You spawn in a cave with a fire burning in the middle. There’s a scanner gun which you pick up before heading off down a pitch black tunnel. The scanner is kind of reminiscent of one of those handheld barcode scanners and shoots a cone of laser beams off into the darkness. When these beams hit a surface they leave a pinprick of colour so the more you use the scanner, the more concentrated the speckles become on a surface, creating a more and more detailed outline of the environment.

But they do also have another prototype, bomb-defusal wotsit Wrong Wire. And John had a go at being an anti-bomb man and puzzled through the wires and circuitry.

The developers are “going dark” for now, they say. But say we’ll probably know more about Scanner Sombre in a few months time.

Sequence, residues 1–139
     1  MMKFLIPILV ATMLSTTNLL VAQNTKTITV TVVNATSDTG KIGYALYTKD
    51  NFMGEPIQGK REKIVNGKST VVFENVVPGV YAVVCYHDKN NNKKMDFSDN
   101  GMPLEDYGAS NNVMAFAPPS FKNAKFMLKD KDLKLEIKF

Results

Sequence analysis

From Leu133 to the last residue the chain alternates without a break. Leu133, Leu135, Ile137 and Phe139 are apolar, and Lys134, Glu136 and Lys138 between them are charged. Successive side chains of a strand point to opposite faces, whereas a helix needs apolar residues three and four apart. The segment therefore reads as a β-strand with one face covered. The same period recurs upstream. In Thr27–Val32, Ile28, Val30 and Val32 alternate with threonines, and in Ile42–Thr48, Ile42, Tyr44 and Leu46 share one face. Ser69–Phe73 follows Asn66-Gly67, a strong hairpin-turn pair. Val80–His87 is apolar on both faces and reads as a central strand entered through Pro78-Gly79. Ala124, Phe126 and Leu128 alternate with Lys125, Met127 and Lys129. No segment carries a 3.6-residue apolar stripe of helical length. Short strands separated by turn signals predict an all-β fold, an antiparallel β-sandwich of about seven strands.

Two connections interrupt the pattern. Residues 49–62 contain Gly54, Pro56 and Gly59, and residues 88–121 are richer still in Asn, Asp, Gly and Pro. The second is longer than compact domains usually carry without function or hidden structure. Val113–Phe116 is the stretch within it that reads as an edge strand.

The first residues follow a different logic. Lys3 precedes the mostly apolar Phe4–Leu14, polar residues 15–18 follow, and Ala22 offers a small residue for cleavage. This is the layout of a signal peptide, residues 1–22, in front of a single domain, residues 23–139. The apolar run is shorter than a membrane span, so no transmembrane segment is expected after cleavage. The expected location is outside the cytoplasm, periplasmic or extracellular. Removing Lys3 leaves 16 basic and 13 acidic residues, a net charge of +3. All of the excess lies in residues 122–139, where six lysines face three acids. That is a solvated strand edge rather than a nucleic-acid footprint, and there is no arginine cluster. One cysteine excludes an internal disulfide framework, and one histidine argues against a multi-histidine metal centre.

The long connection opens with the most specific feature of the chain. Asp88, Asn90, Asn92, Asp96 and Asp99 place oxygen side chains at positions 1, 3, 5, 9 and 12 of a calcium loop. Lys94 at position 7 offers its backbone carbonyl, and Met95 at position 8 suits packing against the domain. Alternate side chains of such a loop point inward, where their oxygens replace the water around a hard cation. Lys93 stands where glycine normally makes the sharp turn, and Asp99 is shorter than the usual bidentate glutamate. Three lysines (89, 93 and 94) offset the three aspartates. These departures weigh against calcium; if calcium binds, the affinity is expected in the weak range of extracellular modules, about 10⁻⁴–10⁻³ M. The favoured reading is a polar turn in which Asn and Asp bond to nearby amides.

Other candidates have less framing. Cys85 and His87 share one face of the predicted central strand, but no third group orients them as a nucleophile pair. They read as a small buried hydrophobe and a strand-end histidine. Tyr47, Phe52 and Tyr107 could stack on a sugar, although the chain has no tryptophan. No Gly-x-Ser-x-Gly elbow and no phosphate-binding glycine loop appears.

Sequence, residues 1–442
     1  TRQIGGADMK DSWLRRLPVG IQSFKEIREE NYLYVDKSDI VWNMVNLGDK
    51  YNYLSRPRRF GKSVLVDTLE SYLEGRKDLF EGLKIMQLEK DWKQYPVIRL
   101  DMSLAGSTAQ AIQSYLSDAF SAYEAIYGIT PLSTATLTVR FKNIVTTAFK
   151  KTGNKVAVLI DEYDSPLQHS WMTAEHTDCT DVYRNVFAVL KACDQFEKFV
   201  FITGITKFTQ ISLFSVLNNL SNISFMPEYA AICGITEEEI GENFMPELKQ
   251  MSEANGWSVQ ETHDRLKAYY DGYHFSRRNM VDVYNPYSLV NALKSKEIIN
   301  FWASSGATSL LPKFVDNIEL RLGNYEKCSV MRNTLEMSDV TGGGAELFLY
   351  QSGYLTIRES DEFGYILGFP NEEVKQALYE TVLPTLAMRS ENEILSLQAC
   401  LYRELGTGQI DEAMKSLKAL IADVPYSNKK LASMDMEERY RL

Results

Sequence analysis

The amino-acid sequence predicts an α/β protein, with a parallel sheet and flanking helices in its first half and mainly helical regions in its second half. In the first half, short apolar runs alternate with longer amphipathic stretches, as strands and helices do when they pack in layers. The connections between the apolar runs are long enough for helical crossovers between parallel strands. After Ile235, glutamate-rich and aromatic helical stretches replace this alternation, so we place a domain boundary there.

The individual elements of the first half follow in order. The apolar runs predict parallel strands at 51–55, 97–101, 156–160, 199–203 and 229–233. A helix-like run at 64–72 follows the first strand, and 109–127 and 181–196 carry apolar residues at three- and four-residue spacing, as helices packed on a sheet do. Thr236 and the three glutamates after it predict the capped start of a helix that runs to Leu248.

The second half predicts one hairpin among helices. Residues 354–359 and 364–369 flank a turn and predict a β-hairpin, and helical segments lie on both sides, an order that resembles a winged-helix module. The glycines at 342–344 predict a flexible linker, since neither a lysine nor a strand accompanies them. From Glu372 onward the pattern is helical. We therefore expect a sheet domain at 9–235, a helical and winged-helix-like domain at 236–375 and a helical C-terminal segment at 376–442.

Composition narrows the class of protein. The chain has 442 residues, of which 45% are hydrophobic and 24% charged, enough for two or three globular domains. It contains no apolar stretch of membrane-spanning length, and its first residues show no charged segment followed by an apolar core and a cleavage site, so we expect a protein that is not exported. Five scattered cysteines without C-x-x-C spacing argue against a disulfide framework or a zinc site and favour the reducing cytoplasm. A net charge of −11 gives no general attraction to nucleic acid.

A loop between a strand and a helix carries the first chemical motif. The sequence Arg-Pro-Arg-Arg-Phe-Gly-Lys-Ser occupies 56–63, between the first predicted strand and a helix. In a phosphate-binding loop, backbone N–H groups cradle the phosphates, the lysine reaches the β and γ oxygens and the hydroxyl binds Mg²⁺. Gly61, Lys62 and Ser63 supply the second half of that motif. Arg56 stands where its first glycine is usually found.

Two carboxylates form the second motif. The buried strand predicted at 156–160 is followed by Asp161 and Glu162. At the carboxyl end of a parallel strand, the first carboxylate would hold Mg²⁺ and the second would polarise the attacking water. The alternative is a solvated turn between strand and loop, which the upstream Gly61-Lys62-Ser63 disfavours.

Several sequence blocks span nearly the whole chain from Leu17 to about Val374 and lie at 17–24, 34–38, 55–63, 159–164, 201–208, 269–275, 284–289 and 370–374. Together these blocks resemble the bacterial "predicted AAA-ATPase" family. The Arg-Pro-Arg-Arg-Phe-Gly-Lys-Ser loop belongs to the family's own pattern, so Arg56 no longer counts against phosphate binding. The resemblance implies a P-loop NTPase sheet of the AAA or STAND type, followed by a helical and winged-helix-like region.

1. legopirate27 says:

    Great news! I tried the sample version back in the Spring and really enjoyed Scanner Sombre’s moody aesthetic and neat method of environmental exploration. Can’t wait to see more ideas grow from here!

  2. The Dark One says:

    Excited to see other games adopting the grungy point cloud aesthetic that Duskers used so well.

  3. mtomto says:

    I love Prison Architect because it reminds me of the good old 90s top-down management games – I can spend hours and hours in that game. But Scanner Sombre is probably the last game on earth I would touch. It looks more like a tech demo than an actual game…